"The JATR team will conduct a comprehensive review of the certification of the aircraft’s automated flight control system, The team will evaluate aspects of the 737 Max automated flight control system, including its design and pilots’ interaction with the system, to determine its compliance with all applicable regulations and to identify future enhancements that might be needed."
So we can agree that Boeing has submitted its fix. And that the FAA has forwarded that fix to the JATR for review. Even though it was just a few days ago that the FAA said it was inquiring with airline operators for newbie Max pilots for design evaluation. If the JATR is interested in pilots "interaction with the [new] system", then why would the FAA forward the fix without that data (since its inconceivable they would have that information in just a few days).
Also, with such a quick turnaround (a month or so) for Boeing's FCC re-architecture, any ideas on what the fix could be? If the "data flow" issue was due to the loading of the cross-channel bus (my speculation up thread), I'm thinking they could have reprioritized other non-AOA data, reducing the periodic reading and transmission of that data, to allow the AOA data to fit without overflowing the channel. Otherwise, any real re-architecture would take 6 months or more IMO.
MCAS fix was essentially completed in the ~April timeframe. Formal submission was delayed by a Flaps System reported 'catastrophic' categorised problem, also probably essentially completed likely in the ~June timeframe. Formal submission was again delayed due to the 'BitFlip' 'catastrophic' categorised problem and we await formal submission following completion of the fix characterised by reportedly architecture change to Active/Standby and Fail Safe.
As per the quote, I believe taken from the officially stated scope, JATR was to review the control systems and certification pre-fix. Reports since have suggested that they have actually spent some time looking at the fix due to Boeing failure to disclose data related to the original certification (one presumes). Its the TAB that was officially charged with shadowing the fix certification.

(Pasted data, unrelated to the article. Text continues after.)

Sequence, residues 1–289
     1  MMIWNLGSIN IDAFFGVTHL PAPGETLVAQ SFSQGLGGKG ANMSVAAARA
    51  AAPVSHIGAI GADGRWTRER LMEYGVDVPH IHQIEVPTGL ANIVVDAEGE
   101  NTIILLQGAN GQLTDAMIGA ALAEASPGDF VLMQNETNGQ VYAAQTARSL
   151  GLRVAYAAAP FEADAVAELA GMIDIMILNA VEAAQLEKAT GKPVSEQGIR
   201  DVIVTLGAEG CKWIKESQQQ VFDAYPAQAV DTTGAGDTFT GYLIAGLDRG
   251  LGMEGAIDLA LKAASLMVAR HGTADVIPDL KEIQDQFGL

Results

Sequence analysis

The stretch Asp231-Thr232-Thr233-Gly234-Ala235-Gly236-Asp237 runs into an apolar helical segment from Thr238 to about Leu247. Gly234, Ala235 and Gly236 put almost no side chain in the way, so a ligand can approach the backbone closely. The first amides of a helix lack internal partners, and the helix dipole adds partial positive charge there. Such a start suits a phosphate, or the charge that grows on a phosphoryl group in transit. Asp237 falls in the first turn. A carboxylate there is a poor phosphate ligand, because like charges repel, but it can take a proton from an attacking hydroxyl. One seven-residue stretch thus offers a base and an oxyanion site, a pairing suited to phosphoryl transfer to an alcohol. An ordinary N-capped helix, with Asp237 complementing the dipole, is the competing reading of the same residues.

The understanding from reports is that the exercise involving 'newbie' pilots is in regard to evaluation of revised procedures and training requirements and not directly related to the testing of the design changes.
Nonsense. I can't think of a single reason why you would want pilot experience data unless it was post-fix flight control system.
I have previously posted thoughts on the architecture change floated, that were not well received by yourself, I have no desire to repeat them. Suffice to say, it is clear, that whatever the nature of the change, it is possible it has been under test for some time and final submission is expected in the September/October timeframe. Peter Lemme's expectation as to the scope would seem to be more extensive than that you suggest.
I did have a reread of Seattle Times bit flipping "cosmic ray" piece:https://www.seattletimes.com/business/b ... -controls/
The piece only goes into 2 of the 5 reported bits that were flipped:
- MCAS engaged
- Horiz stab AND
Since the testing was done on MCAS 2.0, one can probably assume the remaining 3 bits were:
- AOA disagree
- Flaps UP
- Autopilot engaged
And two scenarios (of the 33 total that were tried) were:
- MCAS engaged flipped to ON
- MCAS engaged flipped to OFF, and stab AND flipped ON
- repeat the above two over prolonged period
As for the fix, the Seattle Times article says:
“For the MAX, the new MCAS was simply added to an existing 737 flight control system called the Speed Trim System, which was introduced with this one-channel computer architecture
on the older model 737-300 in the 1980s.
With the proposed dual-channel configuration
, both computers will be used to activate the automated flight controls. They will each take input from a wholly independent set of sensors (air speed, angle of attack, altitude and so on) and compare outputs.
If the outputs disagree, indicating a computer fault, the computers will initiate no action and just let the pilot fly manually.”
So it seems they are achieving two-sensor redundancy by comparing outputs from AOA-L-to-FCC-L and AOA-R-to-FCC-R, and then having AOA-L and AOA-R being forwarded to FCC outputs for compare. So in essence, the changes look like:
(1) Forward the AOA-L sensor data to FCC-L outputs
(2) Forward the AOA-R sensor data to FCC-R outputs(3) Route the outputs (through cross-channel or to separate computer?) for comparison
- FCC-L Stab AND
- FCC-R Stab AND
- FCC-L MCAS Engaged
- FCC-R MCAS Engaged
(4) Deactivate MCAS if things don't compare
(5) Illuminate AOA disagree if things don't compare
The one question might be: where did they come up with cosmic rays**? Since sensor data is usually read on a cyclic schedule, any bit flip would be reset on the next processing cycle. It's possible that on old hardware, the cycle period is slow enough that one bad cycle could cause a significant delay to risk the "one second" the FAA requires from a pilot responding to a catastrophic event when in manual flying mode (3 seconds if in autopilot mode).
**Or is this just another means by which Boeing tries to mitigate the risk by saying the situation will rarely happen to begin with?
Last edited by sgrow787
on Sun Sep 01, 2019 12:28 pm, edited 3 times in total.